KT has worked on project portfolio engagements with companies in the aerospace, telecommunications, manufacturing, consumer products, pharmaceutical, and financial service industries worldwide. KT methods have also been applied in project contexts to manage costs and evaluate work value.

Rational Process: Our Foundation

KT’s approach to project portfolio engagements is built on the core strength of our proprietary Decision Analysis process. Decision Analysis is a critical thinking tool built on systematic questioning that guides thinking and helps organize information and judgments. Its steps—Clarify Purpose, Evaluate Alternatives, Assess Risks, and Make Decision—ensure that individuals and groups share common ground in successfully choosing among actions to produce desired results.

KT has researched, documented, and helped organizations apply these and other rational processes to their most critical business issues since the 1950s. With these processes in hand, it becomes possible to improve the critical thinking capabilities of managers and workers as they go about their most vital tasks. By thinking through the purpose of action before choosing alternatives, by examining possible causes before fixing a problem, by building in success before taking action, organizations develop a powerful tool for communicating and collaborating on the best issue resolutions.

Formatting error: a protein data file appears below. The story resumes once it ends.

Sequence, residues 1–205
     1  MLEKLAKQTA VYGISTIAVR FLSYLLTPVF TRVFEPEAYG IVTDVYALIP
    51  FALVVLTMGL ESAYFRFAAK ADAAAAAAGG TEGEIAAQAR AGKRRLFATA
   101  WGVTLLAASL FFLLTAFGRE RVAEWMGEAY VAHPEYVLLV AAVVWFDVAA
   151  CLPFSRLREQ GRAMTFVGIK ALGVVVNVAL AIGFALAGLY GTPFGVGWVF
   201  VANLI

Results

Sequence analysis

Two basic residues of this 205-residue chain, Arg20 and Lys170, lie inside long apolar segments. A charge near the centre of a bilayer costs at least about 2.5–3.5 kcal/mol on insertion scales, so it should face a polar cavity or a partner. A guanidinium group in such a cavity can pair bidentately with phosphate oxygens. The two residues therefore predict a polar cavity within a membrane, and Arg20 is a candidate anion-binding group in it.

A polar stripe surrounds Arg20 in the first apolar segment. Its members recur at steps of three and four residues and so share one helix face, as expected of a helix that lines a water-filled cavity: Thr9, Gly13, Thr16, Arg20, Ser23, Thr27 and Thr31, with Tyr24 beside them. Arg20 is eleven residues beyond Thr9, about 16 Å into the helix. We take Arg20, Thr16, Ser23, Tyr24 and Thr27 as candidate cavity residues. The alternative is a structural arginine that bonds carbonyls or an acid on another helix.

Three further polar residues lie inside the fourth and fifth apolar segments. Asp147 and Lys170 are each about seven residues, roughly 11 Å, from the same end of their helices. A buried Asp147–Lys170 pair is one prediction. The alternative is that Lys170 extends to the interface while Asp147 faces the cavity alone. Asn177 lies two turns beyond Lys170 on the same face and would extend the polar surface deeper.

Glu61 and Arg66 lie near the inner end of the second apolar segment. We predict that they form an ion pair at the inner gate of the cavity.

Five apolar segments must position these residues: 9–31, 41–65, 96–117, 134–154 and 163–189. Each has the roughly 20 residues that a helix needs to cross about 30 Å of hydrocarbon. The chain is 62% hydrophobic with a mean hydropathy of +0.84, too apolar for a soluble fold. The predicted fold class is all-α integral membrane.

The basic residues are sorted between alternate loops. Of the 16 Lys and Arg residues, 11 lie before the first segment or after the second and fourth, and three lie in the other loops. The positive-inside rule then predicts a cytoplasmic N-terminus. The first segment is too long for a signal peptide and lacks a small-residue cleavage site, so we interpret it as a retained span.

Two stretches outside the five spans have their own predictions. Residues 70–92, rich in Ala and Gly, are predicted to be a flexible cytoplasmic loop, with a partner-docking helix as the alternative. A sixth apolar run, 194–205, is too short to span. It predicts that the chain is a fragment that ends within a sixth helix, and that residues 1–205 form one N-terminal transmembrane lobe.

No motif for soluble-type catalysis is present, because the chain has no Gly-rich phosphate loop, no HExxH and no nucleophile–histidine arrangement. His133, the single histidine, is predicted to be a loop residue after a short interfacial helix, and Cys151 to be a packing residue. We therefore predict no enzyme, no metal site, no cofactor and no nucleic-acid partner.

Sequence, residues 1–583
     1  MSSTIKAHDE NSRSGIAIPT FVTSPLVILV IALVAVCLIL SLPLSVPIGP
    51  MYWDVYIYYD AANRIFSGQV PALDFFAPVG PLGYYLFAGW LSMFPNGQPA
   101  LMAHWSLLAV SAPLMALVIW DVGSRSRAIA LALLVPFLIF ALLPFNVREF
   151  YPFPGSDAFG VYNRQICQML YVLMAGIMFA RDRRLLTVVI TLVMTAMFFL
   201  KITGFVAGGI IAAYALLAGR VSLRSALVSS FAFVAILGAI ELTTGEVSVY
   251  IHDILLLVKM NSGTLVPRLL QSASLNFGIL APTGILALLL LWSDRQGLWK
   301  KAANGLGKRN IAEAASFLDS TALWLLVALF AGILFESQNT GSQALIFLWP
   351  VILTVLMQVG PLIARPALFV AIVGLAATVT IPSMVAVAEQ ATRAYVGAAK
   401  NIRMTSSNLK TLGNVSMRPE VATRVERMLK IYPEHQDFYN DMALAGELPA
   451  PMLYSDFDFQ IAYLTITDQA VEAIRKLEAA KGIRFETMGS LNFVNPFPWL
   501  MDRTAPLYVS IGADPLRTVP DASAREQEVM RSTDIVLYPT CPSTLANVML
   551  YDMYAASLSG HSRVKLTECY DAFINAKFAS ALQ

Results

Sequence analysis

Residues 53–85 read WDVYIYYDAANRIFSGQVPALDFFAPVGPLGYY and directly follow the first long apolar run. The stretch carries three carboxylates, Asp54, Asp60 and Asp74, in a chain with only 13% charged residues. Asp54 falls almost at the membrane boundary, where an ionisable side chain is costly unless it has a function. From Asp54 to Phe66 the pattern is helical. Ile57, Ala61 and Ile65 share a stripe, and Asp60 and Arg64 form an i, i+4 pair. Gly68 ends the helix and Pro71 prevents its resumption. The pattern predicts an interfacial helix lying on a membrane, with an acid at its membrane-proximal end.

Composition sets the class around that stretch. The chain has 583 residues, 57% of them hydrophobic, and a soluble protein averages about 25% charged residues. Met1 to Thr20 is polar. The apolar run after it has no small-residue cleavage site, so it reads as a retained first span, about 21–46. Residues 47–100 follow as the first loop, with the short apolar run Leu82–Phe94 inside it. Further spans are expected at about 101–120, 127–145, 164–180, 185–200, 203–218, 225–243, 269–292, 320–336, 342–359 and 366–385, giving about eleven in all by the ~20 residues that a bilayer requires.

Over the last four decades, Kepner-Tregoe’s proprietary analytical processes have been employed…

  • by managers who put astronauts on the moon
  • by engineers responsible for the life and safety of miners in central Australia
  • by key managers of a multimillion-dollar new product launch for one of the world’s largest manufacturers
  • by the chairman of a major Japanese manufacturer in establishing its first automotive plant in the United States
  • by a leading information technology company that transformed its customer help desk operations to create a new industry benchmark
  • by research scientists fighting cancer at the National Centers for Disease Control.